American Horror Story: Cult finale recap: 'Great Again'
Kai's campaign comes crashing down, but Ally's has only just begun
This very political season of American Horror Story comes to its conclusion tonight — and despite some bumps in our rough road to democracy, the will of the people must prevail. The show ended the same way it began: with an election. And regardless of how you voted in 2016, you’ve gotta be reasonably satisfied with the outcome of this one. Let’s dive in.
Kai might be in prison (wait, Kai is in prison?!), but it’s hardly cramping his cult leader style. As the episode opens, he’s pinky to pinky with Gloria, a security guard who opens her blouse at his command — and she’s not the only one under his spell. A confrontation in the prison shower turns into a blood-soaked sacrifice as one of Kai’s disciples presents him with a curved, homemade blade, then presents his throat for slitting. And the hallucinatory spirit of Charles Manson — whom Kai is spending so much time with that he’s progressed to calling him “Chuck” — is delighted. After all, this is only the start of the bloodshed.
So, how’d this happen? Let’s flash back 11 months to Kai’s last act as a free man: the Night of a Thousand Tates. And yep, it’s just what it sounds like…with one minor hitch.
“A little bad news to start,” Kai says. “Turns out finding a thousand pregnant women to murder is super hard.”
That’s right! The pièce de résistance of Kai’s reign of terror is the mass stabbing murder of a ton of pregnant ladies. And while a thousand was overambitious, a hundred is totally doable!
In other words, if Ally is going to throw a wrench in Kai’s plans, now would be a good time to do it — and it has to be her. She already killed Speedwagon, who turned up last week wearing a wire (turns out he was a state police informant looking for dirt on Samuels), and Beverly is so far into her nervous breakdown that she’s begging Ally to kill her.
Of course, there’s not much mystery here — we already know that Kai ends up in a prison jumpsuit, which means that all our high hopes for a death-by-poisoned-Manwich will just have to wait for some future season. Instead, Ally waits until Kai and his bros are armed, dangerous, and on the verge of committing mass murder before bringing in the Feds. One exciting gunfight in Kai’s basement later, the cult is officially dunzo.
Except, of course, it’s not. While Ally puts her life back together, getting a new girlfriend and reconnecting with Beverly (released by the cops, who assumed she was a victim, not an accomplice), Kai has been collecting disciples in prison and plotting his revenge. And right in the middle of some incredibly visually confusing sexual intercourse with his lady security guard (there’s a mysterious hairy white leg in the mix that belongs to lord-knows-who), he sees an opportunity to put his plan in motion: Allison Mayfair-Richards is on television, announcing her Senate run.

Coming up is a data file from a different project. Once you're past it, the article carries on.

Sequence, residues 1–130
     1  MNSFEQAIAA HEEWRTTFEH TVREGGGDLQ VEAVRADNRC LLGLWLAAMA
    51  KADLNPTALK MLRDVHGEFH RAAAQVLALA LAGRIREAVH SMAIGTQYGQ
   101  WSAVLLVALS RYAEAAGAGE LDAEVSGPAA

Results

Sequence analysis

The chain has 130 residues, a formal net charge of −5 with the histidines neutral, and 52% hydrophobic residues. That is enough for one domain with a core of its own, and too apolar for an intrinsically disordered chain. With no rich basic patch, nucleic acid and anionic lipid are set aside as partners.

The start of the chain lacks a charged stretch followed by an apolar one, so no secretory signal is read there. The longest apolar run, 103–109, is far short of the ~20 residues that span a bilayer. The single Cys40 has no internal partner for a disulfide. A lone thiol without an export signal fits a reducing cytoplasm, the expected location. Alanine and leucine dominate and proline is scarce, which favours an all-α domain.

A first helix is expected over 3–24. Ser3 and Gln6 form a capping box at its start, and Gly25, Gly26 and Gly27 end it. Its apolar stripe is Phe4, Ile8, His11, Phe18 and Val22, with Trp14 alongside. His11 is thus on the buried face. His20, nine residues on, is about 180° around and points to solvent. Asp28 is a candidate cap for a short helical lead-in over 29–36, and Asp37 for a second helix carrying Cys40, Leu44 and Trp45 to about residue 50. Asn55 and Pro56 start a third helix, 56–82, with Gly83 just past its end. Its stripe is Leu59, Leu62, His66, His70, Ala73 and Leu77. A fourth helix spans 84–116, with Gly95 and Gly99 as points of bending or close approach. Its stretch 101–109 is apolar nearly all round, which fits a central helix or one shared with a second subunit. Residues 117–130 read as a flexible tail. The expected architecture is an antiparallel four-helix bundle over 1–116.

Ally is running on an anti-cult platform, which not only leverages her claim to fame but is tailor-made for our increasingly tribal times; after all, what are our current political parties if not a couple of giant cults? (Insert your preferred Roy Moore loyalist and/or glowing orb joke here.) But alas, she’s trailing in the polls. Ally needs to make a show of strength that also distances her in the public’s mind from Kai Anderson. Gosh, could this be foreshadowing something? I mean, wouldn’t it be amazing if she could just wreck him with an epic one-liner on live television before Beverly put a bullet in his head? Too bad Kai is in prison!
…Just kidding. Thanks to a body double disciple and a little face-peeling inspo from Hannibal Lecter, Kai fakes his own death and escapes just in time to give us the final confrontation we need and deserve. (He also peels off his shirt just in time to give us the gratuitous Evan Peters ab shot we need and deserve, but I digress.) With Ally standing before a crowd in a terrific red pantsuit, shutting down her political opponent with accusations of “mansplaining,” Kai takes the mic — and then the stage. His spittle-flecked tirade is more of the usual (blah blah women suck, blah blah sandwich), but when he raises a gun to put a bullet in Ally’s head, he gets a nasty surprise: It’s not loaded. And his beloved prison guard, Gloria? Yeeeah: She’s on Ally’s side, and not only that, she thinks his whole divine leader schtick is a bunch of baloney.
Face to face with her tormentor, Ally smiles.
“You were wrong. There is something more dangerous in this world than a humiliated man,” she says. What’s that? Oh, c’mon. YOU KNOW.
“A nasty woman.”
And before Kai can say something cutting about how well the whole “nasty woman” solidarity vote worked out for the last candidate, Beverly blows his head off, which is about as satisfying an act of vengeance as we’ve gotten on this series, ever. Really, it could’ve ended here and we all would have been fine with it, right?
But no, there’s still an election to win — which Ally does, with a whopping 80 percent of the female vote. And because this is American Horror Story, there’s one final twist still to go: After putting Ozzy to bed, substituting political talk for a bedtime story, Ally goes downstairs to powder her face, put on her green velvet hood, and prepare for a very special meeting. Who will be in attendance? Women, of course. Women, for sure. And if they’re lucky, perhaps a few lowly, abject turds will show up to help them make America great again, just like Valerie Solanas always wanted.
American Horror Story
An anthology series that centers on different characters and locations, including a haunted house, an insane asylum, a witch coven, a freak show, and a hotel.